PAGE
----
Recommended for Coltrane loving Democrats
The problem with most jazz treatments of Bach is that creatively they are somewhere on the moderate side of Yo-Yo Ma. But not so a radical new CD which uses improvisation to bring together the music of Johann Sebastian Bach and John Coltrane.
Jazz saxophonist Raphaël Imbert has made an academic study of the spiritual elements of jazz and reveres John Coltrane, who said "my goal is to live a truly religous life and express it in my music", as the only true mystic in the history of jazz. For the CD Bach-Coltrane Imbert teams up with jazzers Jean-Luc Di Fraya (percussion) and Michel Péres (bass) for the Coltrane, the Manfred string quartet for the Bach, while classical organist André Rossi, counter tenor Gérard Lesne and Imbert spread themselves across a CD which is based on the saxophonist's credo of "wherever we come from, we are all musicians".
Bach-Coltrane departs from the world of Jacques Loussier and the Modern Jazz Quartet by its willingness to ignore comfort zones as well as stylistic boundaries. Just one example is Gérard Lesne who ranges from the first air from Bach's Cantata BWV 170 to an unforgetable rendering of Coltrane's 'He nevuh said a mumbalin word' which is the main highlight on a disc of many highlights .
Time for the punch-line, and regular readers will know what I am going to say. Bach-Coltrane is yet another outstanding release from a small independent label - Paris based Zig-Zag Territoires. Can't the major labels put the same rocket-juice in their water? The packaging is beautiful and supplies both my graphics. The header shows the session in the church of Saint André, Bouc Bel Air in France where the wonderful new 'Bach style' organ provided the canto fermo for the project. Zig-Zag's main man Franck Jaffrès delivers stunning sound, and a comprehensively documented CD includes excellent main notes from Raphaël Imbert and a full description of the organ of Saint André which is one of the real stars of the recording.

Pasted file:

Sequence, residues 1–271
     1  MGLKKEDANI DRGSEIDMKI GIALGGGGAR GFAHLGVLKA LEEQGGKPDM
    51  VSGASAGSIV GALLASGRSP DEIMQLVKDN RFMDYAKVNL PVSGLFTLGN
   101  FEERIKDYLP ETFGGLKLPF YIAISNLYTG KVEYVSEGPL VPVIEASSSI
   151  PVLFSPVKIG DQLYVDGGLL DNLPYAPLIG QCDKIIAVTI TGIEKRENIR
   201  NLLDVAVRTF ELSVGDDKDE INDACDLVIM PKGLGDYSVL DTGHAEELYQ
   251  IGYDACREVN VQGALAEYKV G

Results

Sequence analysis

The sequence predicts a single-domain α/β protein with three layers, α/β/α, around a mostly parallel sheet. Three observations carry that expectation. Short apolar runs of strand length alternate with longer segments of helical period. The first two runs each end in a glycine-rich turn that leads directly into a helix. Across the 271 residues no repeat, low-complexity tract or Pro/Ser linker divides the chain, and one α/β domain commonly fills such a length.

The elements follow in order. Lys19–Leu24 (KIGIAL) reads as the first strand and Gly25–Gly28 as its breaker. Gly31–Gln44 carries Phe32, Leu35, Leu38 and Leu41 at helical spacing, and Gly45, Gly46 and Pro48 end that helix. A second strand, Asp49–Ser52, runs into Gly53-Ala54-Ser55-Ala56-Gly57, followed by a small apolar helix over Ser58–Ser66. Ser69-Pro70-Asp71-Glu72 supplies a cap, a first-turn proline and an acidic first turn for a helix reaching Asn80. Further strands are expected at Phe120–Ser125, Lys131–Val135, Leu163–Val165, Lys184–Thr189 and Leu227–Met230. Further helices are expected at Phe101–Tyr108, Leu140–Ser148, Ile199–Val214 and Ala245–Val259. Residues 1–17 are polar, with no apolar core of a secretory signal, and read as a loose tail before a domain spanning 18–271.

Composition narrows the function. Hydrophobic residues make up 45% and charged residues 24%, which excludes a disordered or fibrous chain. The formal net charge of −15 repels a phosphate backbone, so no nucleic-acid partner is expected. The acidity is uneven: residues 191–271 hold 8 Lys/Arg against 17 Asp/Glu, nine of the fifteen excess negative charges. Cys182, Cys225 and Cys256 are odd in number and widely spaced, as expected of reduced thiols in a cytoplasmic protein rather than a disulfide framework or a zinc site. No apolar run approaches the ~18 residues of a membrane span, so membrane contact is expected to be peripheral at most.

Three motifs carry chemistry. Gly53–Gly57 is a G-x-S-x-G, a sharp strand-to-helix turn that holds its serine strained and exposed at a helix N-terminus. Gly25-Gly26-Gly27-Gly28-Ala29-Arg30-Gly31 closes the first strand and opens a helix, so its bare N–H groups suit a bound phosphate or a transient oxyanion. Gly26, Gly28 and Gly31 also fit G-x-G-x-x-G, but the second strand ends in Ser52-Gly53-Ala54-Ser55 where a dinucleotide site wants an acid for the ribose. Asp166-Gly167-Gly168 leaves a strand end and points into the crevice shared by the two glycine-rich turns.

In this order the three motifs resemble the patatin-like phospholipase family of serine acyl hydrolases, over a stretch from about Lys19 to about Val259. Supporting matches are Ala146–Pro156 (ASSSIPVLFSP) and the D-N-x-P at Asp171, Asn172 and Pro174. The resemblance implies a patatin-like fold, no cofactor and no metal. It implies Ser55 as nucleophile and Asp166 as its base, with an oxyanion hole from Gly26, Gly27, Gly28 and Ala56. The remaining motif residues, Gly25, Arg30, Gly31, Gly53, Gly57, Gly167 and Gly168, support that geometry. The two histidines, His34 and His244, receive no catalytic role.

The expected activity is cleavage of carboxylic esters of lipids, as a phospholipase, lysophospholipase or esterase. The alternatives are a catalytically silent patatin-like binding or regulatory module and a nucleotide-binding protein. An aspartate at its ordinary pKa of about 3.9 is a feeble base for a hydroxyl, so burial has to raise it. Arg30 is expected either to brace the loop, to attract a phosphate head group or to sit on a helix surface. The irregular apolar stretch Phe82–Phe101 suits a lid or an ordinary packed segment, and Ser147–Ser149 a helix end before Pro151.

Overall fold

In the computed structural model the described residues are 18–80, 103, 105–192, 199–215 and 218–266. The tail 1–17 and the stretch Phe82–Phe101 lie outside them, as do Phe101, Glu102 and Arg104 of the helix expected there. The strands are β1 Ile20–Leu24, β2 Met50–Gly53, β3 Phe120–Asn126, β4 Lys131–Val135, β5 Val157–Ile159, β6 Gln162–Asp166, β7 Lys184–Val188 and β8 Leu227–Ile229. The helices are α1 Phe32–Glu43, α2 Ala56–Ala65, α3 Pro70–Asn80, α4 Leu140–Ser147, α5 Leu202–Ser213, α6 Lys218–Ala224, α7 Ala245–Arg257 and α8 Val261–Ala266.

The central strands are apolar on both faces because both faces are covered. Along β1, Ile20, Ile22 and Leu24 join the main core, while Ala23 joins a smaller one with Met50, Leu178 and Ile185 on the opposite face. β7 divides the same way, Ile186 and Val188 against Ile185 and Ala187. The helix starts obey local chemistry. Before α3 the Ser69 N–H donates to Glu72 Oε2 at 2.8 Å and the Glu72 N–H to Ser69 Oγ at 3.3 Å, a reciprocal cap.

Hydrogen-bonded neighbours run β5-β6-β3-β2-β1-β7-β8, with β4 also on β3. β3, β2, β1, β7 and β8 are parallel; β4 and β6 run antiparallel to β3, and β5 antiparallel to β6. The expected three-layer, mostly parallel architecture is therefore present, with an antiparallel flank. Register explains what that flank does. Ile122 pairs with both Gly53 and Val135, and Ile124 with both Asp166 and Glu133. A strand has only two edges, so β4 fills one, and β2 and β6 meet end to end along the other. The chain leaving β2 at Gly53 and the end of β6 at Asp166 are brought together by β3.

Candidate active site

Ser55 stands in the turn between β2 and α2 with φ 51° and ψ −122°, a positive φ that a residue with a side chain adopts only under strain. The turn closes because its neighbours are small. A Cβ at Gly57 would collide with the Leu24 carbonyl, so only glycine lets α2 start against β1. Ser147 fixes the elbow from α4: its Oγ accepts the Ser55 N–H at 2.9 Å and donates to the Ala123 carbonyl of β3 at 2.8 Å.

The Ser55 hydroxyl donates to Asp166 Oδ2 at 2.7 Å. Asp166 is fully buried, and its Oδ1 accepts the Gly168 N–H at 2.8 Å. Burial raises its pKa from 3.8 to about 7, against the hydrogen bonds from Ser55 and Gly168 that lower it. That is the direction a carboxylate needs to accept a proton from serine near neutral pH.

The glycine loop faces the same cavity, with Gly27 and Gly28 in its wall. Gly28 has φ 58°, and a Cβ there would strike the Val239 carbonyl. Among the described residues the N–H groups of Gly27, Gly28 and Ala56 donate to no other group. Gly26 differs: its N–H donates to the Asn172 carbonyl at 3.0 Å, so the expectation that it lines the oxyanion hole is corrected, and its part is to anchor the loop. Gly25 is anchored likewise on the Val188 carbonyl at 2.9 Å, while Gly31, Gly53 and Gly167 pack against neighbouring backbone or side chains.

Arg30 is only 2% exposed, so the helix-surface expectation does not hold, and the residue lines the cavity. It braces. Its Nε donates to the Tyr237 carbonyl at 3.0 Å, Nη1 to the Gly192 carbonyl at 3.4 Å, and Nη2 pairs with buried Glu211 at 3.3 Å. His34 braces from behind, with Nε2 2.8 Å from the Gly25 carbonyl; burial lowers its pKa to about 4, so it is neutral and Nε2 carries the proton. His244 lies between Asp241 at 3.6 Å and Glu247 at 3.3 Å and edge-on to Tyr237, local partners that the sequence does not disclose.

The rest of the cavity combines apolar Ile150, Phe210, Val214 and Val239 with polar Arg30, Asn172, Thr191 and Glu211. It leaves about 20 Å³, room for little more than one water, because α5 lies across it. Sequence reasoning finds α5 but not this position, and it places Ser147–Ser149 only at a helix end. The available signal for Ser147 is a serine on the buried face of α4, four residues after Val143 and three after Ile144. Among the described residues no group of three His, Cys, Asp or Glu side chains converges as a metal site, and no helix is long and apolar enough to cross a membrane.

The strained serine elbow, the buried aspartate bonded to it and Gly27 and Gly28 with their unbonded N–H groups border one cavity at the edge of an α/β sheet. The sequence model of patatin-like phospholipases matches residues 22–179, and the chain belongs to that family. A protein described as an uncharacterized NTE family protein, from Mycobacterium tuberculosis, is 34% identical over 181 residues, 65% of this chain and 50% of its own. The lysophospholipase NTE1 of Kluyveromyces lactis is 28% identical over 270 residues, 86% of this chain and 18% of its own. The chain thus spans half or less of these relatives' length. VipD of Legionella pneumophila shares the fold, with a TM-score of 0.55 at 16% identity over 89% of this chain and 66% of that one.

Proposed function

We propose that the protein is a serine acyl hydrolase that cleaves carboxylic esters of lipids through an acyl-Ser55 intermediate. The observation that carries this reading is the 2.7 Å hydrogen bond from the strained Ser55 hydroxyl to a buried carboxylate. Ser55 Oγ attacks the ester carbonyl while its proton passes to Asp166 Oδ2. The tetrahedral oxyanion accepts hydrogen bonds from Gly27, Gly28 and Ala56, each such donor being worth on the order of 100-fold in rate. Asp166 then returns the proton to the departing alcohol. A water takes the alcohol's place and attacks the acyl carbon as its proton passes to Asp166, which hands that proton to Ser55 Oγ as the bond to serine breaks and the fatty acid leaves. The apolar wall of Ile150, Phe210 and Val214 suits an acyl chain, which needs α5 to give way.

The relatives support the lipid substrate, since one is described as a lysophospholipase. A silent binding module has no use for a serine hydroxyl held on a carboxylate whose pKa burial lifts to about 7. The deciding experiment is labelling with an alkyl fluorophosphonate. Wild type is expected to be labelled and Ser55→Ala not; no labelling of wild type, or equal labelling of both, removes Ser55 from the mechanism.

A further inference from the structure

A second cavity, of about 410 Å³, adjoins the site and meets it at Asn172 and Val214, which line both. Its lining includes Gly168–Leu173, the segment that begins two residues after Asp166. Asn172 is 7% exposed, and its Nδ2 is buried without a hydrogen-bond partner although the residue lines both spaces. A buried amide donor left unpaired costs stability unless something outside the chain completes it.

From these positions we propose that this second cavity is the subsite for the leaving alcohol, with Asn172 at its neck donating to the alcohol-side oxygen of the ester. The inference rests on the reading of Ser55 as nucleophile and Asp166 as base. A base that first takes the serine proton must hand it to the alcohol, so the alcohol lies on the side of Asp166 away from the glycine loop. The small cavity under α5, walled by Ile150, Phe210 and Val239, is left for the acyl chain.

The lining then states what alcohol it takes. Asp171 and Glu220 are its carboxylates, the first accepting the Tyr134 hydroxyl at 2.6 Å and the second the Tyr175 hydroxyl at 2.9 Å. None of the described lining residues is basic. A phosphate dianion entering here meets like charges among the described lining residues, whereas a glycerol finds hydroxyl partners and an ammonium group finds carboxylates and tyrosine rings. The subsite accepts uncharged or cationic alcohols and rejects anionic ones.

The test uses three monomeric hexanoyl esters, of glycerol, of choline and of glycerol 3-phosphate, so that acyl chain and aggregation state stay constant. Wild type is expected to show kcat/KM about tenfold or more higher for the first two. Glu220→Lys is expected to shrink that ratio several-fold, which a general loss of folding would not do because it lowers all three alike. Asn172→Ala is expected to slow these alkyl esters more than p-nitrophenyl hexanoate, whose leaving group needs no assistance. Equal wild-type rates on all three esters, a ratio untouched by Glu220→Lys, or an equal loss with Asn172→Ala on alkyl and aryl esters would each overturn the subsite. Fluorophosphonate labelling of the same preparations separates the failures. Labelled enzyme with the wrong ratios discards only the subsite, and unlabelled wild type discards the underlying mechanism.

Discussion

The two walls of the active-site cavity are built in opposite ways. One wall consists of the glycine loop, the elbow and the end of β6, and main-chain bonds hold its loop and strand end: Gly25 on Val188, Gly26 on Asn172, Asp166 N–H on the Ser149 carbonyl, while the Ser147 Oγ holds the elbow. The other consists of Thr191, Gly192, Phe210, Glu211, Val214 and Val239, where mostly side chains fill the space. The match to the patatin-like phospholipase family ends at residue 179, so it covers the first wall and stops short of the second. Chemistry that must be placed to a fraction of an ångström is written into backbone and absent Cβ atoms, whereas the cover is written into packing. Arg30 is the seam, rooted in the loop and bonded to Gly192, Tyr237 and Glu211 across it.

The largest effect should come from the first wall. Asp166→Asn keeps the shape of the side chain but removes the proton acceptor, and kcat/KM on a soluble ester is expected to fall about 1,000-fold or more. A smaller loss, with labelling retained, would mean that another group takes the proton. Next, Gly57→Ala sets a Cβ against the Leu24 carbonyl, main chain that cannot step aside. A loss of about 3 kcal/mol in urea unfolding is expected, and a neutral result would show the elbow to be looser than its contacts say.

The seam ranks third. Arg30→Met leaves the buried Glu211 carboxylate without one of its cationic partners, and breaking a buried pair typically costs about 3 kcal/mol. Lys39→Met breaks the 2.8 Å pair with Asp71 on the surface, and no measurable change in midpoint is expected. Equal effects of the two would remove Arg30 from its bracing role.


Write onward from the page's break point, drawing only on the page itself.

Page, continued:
I bought a bundle of CDs on my recent trip to France and I have several more discs to share with you. But Bach-Coltrane has been played more than any of the others since I found it in the Harmonia-Mundi Boutique in Nantes. There are moments on it which transcend any musical category, particularly André Rossi's Choral de Mi and the Manfred Quartets concluding "O Welt, ich muss dich lassen", BWV 45. Recommended not just for Coltrane loving Democrats, but for anyone who wants to explore beyond their comfort zone.
Obama - Ohana.
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